National Association of State Retirement Administrators

Credit Effects

The condition of public pensions is a key element in determining the creditworthiness of states and local governments, a factor that received considerable attention in the wake of the 2008-2009 recession and market decline, which negatively impacted government revenues and public pension investment portfolios, respectively. As shown via resources listed below, credit rating agencies specify the methodology they use to consider pension obligations when assessing state and local creditworthiness.

Rating Agency Methodologies

Other Reports

S&P Global

Pension Obligation Bonds

According to Gabriel, Roeder, Smith & Co., pension obligation bonds:

Are financing instruments intended to relieve the issuer of some of the annual pension contribution. POB proceeds are typically used to pay some or all of the pension plan’s unfunded accrued liability (UAL) and may also include funds to pay the plan’s normal costs for two or three years into the future. In order to achieve the expected budgetary relief, the issuer hopes to invest the bond proceeds at a rate higher than the total cost of borrowing. The desired result is that the transaction reduces the annual pension contribution required to fund the plan by more than the total cost of borrowing.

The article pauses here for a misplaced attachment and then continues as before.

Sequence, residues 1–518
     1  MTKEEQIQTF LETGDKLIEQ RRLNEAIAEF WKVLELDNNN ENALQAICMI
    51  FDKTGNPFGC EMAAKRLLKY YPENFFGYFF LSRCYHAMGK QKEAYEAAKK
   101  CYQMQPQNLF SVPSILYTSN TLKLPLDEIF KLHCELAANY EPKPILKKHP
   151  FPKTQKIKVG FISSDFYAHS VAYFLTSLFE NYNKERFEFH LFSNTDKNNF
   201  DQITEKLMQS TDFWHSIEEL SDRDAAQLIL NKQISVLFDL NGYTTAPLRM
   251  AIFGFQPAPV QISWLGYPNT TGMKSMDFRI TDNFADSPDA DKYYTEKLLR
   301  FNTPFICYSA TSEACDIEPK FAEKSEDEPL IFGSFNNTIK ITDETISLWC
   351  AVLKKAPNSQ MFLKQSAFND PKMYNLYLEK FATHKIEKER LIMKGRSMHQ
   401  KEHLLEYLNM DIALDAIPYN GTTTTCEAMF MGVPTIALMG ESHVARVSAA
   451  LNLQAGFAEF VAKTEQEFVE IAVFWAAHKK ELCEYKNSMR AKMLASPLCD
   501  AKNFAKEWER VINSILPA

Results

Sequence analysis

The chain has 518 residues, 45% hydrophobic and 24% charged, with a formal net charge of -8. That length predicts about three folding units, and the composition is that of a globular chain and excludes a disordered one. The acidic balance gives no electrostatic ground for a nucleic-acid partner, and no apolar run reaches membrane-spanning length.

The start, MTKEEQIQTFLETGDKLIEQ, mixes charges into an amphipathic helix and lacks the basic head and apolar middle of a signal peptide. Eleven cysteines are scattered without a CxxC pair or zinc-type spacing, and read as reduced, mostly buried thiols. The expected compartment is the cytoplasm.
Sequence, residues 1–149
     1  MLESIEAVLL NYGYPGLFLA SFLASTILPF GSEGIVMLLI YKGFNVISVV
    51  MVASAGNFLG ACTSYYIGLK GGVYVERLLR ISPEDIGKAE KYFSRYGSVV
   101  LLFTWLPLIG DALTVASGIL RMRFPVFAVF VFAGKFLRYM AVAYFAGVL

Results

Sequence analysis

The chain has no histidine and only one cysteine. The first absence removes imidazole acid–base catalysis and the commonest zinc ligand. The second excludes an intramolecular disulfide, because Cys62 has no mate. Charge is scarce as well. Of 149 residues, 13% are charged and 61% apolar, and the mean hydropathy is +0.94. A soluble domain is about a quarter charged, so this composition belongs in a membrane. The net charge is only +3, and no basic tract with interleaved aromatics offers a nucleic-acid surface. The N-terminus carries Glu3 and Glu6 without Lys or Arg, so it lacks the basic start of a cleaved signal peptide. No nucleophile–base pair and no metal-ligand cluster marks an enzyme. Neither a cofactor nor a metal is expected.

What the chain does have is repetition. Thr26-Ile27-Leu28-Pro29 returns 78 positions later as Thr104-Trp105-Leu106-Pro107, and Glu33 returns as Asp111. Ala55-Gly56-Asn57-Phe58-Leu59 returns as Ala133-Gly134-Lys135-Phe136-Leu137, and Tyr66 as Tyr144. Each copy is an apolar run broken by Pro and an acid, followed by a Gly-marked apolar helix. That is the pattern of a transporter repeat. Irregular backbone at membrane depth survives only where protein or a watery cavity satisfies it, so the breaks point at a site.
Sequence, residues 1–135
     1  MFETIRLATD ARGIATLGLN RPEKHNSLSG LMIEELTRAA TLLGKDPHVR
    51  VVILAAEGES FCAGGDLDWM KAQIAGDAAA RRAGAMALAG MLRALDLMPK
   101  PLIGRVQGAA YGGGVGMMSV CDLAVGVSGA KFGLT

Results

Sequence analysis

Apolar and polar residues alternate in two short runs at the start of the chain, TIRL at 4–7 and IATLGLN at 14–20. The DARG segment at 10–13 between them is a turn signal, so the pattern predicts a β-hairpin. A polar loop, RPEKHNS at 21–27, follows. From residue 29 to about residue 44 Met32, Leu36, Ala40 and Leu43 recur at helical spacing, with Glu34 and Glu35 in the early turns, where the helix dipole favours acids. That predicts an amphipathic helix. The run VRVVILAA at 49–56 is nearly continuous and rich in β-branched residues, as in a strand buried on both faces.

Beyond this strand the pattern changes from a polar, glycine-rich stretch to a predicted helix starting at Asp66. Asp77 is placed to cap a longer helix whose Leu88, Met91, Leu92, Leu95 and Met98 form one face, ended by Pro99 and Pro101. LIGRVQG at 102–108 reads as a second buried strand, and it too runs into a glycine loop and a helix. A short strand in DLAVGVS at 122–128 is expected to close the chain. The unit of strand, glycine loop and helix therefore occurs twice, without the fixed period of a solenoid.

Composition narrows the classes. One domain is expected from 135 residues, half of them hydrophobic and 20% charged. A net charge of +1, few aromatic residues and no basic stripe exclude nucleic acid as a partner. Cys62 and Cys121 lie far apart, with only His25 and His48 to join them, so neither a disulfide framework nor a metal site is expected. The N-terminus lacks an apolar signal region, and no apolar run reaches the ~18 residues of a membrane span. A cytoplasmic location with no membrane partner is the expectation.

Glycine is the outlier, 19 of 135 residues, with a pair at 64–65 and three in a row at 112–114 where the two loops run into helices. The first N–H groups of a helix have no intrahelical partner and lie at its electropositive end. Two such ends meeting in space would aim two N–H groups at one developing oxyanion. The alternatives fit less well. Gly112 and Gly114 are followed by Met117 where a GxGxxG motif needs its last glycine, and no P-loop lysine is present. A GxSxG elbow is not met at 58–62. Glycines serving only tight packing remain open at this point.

A  2014 issue brief produced by the Center for State & Local Government Excellence and the Center for Retirement Research at Boston College finds that certain factors play a role in the likelihood of a city or state issuing pension obligation bonds. These factors include financial pressures, high unemployment, low-interest rates, and a large interest rate spread. Also, a government is more likely to issue POBs if it sponsors its pension plan, rather than if it participates in a plan with other employers. Regardless of what entity issues, from 1986 through 2009, states and local governments issued approximately $53 billion in pension obligation bonds. 

NASRA Resources

Other Resources